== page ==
DINO and POVray Tutorial


Scene Settings: Depth Effect

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last updated 14 Sep 2016

A common technique to emphasize the three dimensionsionality of a two dimensional image is to use a depth-cueing effect, fading parts of the three dimensional scene into the background depending on how far they are from the observer. This is demonstrated below. Both pictures are directly from DINO. The one on the left fades into the black background, while the one on the right has equal intensity irrespective of the distance of the object from the observer.

With depth-cueing

No depth-cueing

This depth-cueing effect is implemented using fog, in the case above black fog. To achieve the same effect in POVray, light attenuation is used by adding the following to each .pov file (some numbers may vary depending on the scene):

// depth cueing
plane {z, 31.065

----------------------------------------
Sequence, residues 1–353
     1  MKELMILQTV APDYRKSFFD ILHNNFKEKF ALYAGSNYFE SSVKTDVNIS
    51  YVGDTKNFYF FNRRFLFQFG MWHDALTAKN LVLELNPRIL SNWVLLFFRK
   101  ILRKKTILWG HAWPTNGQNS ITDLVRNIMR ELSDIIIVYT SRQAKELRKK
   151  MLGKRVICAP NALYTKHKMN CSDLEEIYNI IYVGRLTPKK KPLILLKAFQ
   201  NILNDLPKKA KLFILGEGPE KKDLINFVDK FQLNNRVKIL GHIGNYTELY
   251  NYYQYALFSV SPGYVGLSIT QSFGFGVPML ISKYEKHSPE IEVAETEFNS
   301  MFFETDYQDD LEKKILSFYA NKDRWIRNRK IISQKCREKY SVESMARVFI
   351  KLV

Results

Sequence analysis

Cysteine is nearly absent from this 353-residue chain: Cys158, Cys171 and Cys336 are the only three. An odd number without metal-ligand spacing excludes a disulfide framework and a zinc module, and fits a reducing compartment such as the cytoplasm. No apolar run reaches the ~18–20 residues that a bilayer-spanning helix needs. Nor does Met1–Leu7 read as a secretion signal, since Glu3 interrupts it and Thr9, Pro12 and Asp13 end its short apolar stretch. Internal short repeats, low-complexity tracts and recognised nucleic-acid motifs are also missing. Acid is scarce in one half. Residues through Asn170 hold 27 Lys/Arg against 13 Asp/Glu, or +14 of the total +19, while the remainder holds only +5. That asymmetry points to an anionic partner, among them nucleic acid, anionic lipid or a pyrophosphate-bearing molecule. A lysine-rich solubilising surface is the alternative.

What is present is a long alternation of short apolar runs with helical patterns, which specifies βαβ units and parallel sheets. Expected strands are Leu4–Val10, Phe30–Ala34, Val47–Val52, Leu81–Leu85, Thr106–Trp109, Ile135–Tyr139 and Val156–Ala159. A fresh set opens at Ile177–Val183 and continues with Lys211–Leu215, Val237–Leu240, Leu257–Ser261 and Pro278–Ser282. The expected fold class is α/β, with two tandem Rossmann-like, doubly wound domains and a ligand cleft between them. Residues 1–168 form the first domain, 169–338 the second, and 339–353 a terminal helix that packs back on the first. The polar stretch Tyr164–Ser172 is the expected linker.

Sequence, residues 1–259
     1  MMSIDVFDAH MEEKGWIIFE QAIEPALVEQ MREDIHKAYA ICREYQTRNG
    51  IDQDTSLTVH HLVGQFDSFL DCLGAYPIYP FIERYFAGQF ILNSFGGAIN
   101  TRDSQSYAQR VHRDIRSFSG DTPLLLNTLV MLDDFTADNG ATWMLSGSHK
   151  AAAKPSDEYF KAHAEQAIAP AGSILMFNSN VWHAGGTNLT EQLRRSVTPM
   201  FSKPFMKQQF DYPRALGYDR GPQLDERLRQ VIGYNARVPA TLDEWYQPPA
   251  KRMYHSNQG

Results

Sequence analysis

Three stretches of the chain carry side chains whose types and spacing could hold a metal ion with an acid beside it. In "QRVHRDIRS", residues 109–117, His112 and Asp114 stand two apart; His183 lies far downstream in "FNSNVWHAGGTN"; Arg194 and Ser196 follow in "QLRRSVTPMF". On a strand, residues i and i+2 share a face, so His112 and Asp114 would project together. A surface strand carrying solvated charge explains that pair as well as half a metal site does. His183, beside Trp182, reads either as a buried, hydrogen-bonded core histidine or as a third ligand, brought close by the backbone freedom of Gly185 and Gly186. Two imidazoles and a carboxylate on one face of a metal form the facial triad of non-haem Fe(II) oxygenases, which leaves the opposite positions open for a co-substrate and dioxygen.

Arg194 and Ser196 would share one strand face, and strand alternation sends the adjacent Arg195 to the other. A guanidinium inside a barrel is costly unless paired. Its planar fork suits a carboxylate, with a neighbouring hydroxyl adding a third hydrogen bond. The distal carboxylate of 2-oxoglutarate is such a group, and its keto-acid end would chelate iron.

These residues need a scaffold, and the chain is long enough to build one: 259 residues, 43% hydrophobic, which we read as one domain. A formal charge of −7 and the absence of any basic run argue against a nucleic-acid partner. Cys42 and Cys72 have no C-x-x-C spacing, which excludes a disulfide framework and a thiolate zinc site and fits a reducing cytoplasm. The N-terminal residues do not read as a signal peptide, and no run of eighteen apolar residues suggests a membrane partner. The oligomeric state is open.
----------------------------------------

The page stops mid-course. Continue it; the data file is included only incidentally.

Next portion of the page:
texture {pigment {color rgbft <0,0,0,1,1>}}
  hollow interior {fade_power 2 fade_distance 18}

An infinite plane is defined along the xy-plane (normal pointing towards positive z, ie away from camera) positioned at a z value of - in this case - 31.065 (which is the position of the near clipping plane in DINO). The texture is set to a simple black and completely transparent surface - after all, we don't want to see the plane, but the objects behind it. This plane is also set to hollow, otherwise POVray would treat the area behind the plane as solid! Just think of the are behind the plane as 'inside'. The interior settings now finally specify how to treat the light behind the plane (from the POVray manual):

The fade_distance value determines the distance the light has to travel to reach half intensity while the fade_power value determines how fast the light will fall off. For realistic effects a fade power of 1 to 2 should be used. Default values for both keywords is 0.0 which turns this feature off.

The value for fade_distance is determined from the far clipping plane position in DINO. For the example from above, here are the rendered scenes with different settings:

no attenuation

fade_power 2.0 fade_distance 18

fade_power 2.0 fade_distance 12

fade_power 4.0 fade_distance 18

If you need to turn attenuation off, it is better to comment out the two lines specifiying the plane rather than setting the values to zero, because the scene will render much faster.

(c) 2001-2005 Ansgar Philippsen